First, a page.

Today, Ed Gillespie participated in a “Clean Water” forum in a feeble attempt to cover up his own record working for a company that lobbied on waste regulation and was fined thousands for major environmental violations in Virginia and elsewhere. In 2005 and 2006 the Virginia Environmental Quality fined Tyson tens of thousands for water violations along Virginia’s Eastern Shore and in Henrico County for illegal wastewater seeping into a local stream and for causing two fish kills in the Chickahominy River.
Learn more about Ed the Swamp Creature at EdTheSwampCreature.org.
Lizzy Price, American Bridge spokesperson, made the following statement:
“Ed Gillespie will say anything to further his own political career, including greenwashing his own lobbying record. The truth is that Gillespie is the ultimate Swamp Creature – he made millions at the expense of Virginians and the health of Virginia’s waterways – and he can’t be trusted to keep Virginia’s rivers clean.”
2005-2007: Gillespie Lobbied For Tyson Foods Inc. According to lobbying disclosure reports filed with the U.S. Senate Office of Public Records, Gillespie lobbied for Tyson Foods Inc. from 2005 to 2007. The firm declined to disclose the specific issues Gillespie lobbied on, choosing instead to simply list “General Representation.” [U.S. Senate Office of Public Records, accessed 3/16/14]
- 2007: Tyson Foods Lobbied On Energy, Tax Credits, Food Labeling, Immigration and The Classification Of Manure As A Hazardous Substance. According to the Associated Press, “Tyson Foods Inc., the world’s largest meat processor, spent $550,000 in the first half of 2007 to lobby the federal government, according to a disclosure form. The company lobbied on several issues, including energy, tax credits, food labeling and immigration. Tyson also lobbied on legislation that would exempt manure from being considered a hazardous substance, pollutant or contaminant. In addition to Congress, the Springdale, Ark.-based company lobbied the White House and the departments of Commerce and Homeland Security.” [Associated Press, 8/31/07]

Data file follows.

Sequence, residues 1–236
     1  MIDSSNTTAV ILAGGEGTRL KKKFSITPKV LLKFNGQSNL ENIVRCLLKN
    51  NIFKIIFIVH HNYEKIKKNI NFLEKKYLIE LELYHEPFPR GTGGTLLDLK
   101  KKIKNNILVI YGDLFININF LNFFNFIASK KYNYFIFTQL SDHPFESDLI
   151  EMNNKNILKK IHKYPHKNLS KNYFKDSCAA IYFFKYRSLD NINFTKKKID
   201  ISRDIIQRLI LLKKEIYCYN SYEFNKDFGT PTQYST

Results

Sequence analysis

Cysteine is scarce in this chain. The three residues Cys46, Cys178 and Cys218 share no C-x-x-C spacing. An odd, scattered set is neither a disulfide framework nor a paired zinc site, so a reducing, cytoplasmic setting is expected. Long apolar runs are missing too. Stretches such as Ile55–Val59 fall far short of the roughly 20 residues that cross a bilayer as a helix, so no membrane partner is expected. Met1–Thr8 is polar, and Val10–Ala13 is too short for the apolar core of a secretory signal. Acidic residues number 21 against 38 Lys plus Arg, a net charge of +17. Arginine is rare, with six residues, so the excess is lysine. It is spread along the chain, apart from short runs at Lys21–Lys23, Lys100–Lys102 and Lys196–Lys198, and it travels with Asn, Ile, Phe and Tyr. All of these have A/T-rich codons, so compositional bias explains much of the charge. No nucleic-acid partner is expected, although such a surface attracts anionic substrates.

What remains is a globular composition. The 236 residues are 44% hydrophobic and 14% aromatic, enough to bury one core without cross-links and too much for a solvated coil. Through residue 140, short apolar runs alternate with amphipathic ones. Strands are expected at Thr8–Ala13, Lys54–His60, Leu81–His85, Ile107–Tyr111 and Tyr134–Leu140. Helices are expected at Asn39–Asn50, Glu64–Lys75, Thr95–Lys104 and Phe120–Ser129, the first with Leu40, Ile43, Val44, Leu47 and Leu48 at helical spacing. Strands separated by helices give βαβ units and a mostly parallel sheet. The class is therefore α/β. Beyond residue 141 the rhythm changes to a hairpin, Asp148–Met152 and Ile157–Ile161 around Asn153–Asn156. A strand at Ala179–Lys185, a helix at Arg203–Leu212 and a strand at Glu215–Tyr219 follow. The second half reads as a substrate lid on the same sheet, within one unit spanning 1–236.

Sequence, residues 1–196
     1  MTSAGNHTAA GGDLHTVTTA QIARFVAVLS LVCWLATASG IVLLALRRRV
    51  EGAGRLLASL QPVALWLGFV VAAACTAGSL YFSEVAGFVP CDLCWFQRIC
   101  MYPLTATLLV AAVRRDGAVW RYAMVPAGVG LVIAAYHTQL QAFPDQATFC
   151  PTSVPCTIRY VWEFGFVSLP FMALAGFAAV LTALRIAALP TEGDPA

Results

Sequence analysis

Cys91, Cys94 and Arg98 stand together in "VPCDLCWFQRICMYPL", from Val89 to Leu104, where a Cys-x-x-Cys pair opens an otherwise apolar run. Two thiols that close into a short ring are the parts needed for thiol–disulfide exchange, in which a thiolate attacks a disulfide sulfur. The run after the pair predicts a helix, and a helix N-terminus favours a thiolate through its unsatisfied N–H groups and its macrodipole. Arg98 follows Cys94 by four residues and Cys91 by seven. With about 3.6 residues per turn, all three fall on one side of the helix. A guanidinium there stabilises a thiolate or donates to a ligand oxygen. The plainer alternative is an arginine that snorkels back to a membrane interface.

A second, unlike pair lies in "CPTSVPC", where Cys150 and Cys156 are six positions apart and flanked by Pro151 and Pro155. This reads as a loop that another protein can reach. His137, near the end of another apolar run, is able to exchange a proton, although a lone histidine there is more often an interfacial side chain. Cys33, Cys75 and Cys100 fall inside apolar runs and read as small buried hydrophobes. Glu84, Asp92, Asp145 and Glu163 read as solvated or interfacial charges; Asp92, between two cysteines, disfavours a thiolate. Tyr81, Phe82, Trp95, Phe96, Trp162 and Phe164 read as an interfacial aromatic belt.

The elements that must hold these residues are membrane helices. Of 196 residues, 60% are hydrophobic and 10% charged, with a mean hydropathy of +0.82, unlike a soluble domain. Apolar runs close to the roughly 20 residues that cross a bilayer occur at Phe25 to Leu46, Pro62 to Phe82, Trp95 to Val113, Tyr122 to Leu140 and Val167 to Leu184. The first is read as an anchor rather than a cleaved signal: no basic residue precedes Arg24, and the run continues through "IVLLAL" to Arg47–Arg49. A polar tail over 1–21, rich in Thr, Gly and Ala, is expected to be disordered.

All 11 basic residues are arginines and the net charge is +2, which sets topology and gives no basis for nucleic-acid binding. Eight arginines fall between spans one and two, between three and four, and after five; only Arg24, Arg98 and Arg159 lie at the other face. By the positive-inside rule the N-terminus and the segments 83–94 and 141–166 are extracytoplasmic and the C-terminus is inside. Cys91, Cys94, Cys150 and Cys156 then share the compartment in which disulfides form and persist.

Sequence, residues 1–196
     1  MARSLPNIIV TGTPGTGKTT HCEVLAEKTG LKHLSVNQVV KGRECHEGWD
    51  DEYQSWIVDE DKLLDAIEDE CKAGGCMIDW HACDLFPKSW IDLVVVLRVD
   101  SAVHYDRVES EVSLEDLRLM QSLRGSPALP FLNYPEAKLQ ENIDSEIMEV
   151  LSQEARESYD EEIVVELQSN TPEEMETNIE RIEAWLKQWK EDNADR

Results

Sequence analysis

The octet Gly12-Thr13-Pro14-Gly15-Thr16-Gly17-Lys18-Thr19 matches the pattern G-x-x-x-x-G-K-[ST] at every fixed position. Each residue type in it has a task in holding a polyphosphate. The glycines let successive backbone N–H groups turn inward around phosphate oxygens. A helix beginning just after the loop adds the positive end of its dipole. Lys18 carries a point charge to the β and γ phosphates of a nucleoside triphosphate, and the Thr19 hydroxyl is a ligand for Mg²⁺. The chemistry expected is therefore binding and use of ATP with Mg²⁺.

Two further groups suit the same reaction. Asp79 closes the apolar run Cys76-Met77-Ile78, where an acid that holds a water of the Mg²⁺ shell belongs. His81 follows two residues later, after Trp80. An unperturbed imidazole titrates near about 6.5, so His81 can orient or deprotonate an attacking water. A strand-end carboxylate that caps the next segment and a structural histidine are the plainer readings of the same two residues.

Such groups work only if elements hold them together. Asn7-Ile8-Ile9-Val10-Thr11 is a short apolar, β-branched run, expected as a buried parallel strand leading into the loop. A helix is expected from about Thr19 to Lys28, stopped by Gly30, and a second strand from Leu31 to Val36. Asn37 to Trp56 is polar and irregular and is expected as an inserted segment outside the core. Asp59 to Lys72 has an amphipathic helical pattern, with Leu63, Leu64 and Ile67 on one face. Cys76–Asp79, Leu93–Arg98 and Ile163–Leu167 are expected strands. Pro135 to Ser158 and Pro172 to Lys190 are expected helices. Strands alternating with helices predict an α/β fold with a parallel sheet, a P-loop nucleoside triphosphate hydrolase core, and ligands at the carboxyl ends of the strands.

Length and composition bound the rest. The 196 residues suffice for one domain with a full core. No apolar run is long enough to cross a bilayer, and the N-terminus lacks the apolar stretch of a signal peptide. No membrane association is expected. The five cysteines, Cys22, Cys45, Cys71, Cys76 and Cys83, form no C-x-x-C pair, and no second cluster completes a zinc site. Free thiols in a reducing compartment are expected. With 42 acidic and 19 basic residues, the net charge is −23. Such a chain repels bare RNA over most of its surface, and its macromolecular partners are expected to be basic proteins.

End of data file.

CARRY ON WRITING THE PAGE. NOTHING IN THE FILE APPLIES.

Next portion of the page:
2005: Tyson Foods Was Fined $18,400 For Environmental Violations On Virginia’s Eastern Shore.
According to the Virginian-Pilot, “Poultry giant Tyson Foods Inc. has agreed to pay an $18,400 fine and upgrade its chicken processing plant on Virginia’s Eastern Shore to settle several environmental violations from last year. According to a proposed settlement with state regulators released this week, problems surfaced at the Accomack County complex last May, when an inspector from the Virginia Department of Environmental Quality saw wastewater spilling from an earthen holding pond into a local stream. Slaughterhouse wastes were seen seeping onto the ground from a malfunctioning pump station nearby, according to case records.” [The Virginian-Pilot, 2/26/05]
Tyson Foods Was Fined For Environmental Violations That Killed Fish In Henrico County. According to the Associated Press, “Tyson Foods Inc. and Perdue Farms Inc. have agreed to pay fines under proposed settlements with the state, which had accused the two poultry companies of environmental violations. Under its agreement with the Virginia Department of Environmental Quality, Springdale, Ark.-based Tyson would pay a $25,700 fine for causing two fish kills last summer in a tributary to the Chickahominy River. The fish died after the company’s processing plant in Henrico County released too much ammonia and other substances into the creek.” [Associated Press, 2/21/06]
Tyson Foods Agreed To Pay Nearly $4 Million In A Settlement With The EPA Over Alleged Violations Of The Clean Air Act. According to a news release from the Environmental Protection Agency, “Tyson Foods, Inc., has agreed to pay a $3,950,000 civil penalty to settle alleged violations of Clean Air Act regulations covering the prevention of chemical accidents at its facilities in Iowa, Kansas, Missouri and Nebraska, the Justice Department and Environmental Protection Agency announced… As part of a consent decree lodged…in U.S. District Court in St. Louis, Mo., Tyson has agreed to conduct pipe-testing and third-party audits of its ammonia refrigeration systems to improve compliance with the Clean Air Act’s Risk Management Program requirements at all 23 of the company’s facilities in the four Midwestern states. Today’s settlement stems from a series of eight separate incidents between 2006 and 2010 in which accidental releases of anhydrous ammonia at Tyson facilities resulted in property damage, multiple injuries, and one fatality.” [Environmental Protection Agency, News Release, 4/5/13]
Published: Sep 6, 2017